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UK reaffirms Falklands’ sovereignty on postage stamps issue

Saturday, May 30th 2009 - 15:43 UTC
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Argentina objects to stamps issued by South Atlantic Islands Argentina objects to stamps issued by South Atlantic Islands

Britain stands by its decision to issue postage stamps from the disputed territories of and around the Falkland Islands, according to a letter to the UN secretary-general made public at the United Nations Headquarters in New York this week.

“The United Kingdom firmly rejects the complaint by the government of the Argentine Republic concerning the issuing of postage stamps by the Falkland Islands, South Georgia and the South Sandwich Islands, and British Antarctic Territory,” said the May 19 letter from Philip Parham, the charge d’affaires of the British Mission to the United Nations, who transmitted the letter to the UN chief from the Ministry of Foreign Affairs, International Trade and Worship.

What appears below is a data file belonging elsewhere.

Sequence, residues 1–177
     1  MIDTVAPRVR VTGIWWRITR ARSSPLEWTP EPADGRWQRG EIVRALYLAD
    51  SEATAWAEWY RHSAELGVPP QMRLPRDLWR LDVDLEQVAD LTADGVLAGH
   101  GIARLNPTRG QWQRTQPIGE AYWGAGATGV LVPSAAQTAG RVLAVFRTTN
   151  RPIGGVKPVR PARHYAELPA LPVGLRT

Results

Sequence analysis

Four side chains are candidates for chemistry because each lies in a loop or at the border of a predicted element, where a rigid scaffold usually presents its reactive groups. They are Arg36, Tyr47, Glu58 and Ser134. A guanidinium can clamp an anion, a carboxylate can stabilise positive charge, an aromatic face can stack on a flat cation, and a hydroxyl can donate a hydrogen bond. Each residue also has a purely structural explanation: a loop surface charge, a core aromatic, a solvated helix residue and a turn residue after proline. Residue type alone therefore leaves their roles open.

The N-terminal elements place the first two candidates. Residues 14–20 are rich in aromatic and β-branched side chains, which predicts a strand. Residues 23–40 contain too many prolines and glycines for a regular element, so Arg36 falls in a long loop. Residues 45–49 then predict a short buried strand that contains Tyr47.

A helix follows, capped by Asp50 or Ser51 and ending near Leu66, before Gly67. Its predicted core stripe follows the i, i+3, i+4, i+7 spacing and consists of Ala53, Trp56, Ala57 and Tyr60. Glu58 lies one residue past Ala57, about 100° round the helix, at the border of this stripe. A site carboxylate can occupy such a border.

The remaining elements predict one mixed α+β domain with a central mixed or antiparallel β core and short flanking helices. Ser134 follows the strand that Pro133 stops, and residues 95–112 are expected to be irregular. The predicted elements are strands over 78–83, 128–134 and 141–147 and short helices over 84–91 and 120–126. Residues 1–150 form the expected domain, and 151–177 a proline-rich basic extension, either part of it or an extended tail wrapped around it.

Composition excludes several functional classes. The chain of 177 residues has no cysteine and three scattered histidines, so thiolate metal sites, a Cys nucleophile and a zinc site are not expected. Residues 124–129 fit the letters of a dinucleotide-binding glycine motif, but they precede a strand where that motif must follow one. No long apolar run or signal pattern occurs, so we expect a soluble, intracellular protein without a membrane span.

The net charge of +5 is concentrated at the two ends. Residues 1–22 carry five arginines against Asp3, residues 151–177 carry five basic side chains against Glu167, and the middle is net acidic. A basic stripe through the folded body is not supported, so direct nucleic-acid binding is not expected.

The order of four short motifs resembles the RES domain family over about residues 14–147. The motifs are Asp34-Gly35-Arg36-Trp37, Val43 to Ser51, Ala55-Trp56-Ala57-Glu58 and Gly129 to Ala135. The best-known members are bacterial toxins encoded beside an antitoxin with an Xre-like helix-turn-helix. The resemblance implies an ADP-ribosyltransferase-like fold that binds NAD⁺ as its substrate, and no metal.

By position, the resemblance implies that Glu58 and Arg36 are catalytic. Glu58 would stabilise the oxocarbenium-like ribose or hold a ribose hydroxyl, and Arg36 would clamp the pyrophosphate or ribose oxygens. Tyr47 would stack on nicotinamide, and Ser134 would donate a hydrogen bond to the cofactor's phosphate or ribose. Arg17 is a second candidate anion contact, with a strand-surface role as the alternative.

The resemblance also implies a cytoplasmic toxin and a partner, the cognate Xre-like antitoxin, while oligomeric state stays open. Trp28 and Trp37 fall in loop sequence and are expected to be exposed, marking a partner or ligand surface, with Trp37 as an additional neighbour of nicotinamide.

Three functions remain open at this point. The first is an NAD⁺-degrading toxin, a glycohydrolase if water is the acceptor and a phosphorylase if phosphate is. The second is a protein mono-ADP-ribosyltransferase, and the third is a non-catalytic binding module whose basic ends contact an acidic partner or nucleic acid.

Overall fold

“The United Kingdom has no doubt about its sovereignty over the Falkland Islands, South Georgia and the South Sandwich Islands, and the surrounding maritime areas” said the letter, adding that Britain “firmly rejects” the complaint by the government in Buenos Aires that the disputed islands and the surrounding maritime areas are “illegitimately occupied” by Britain.

On April 23, Argentina sent a letter to the secretary-general “rejecting the attempt by the United Kingdom to issue postage stamps on behalf of the so-called and illegitimate ‘governments’ of the Malvinas Islands, South Georgia and the South Sandwich Islands, and the alleged ‘British Antarctic Territory.’”

For its part, Britain said in its letter that the government has “no doubt about its sovereignty” over the disputed territories, and referred to article IV of the Antarctic Treaty, of which both Britain and Argentina are parties to.

Article IV of the Antarctic Treaty effectively ceases all sovereignty claims, recognition and non-recognition of claims, and precludes any activity to assert any new claim or enlarge any existing claim to territorial sovereignty in Antarctica.

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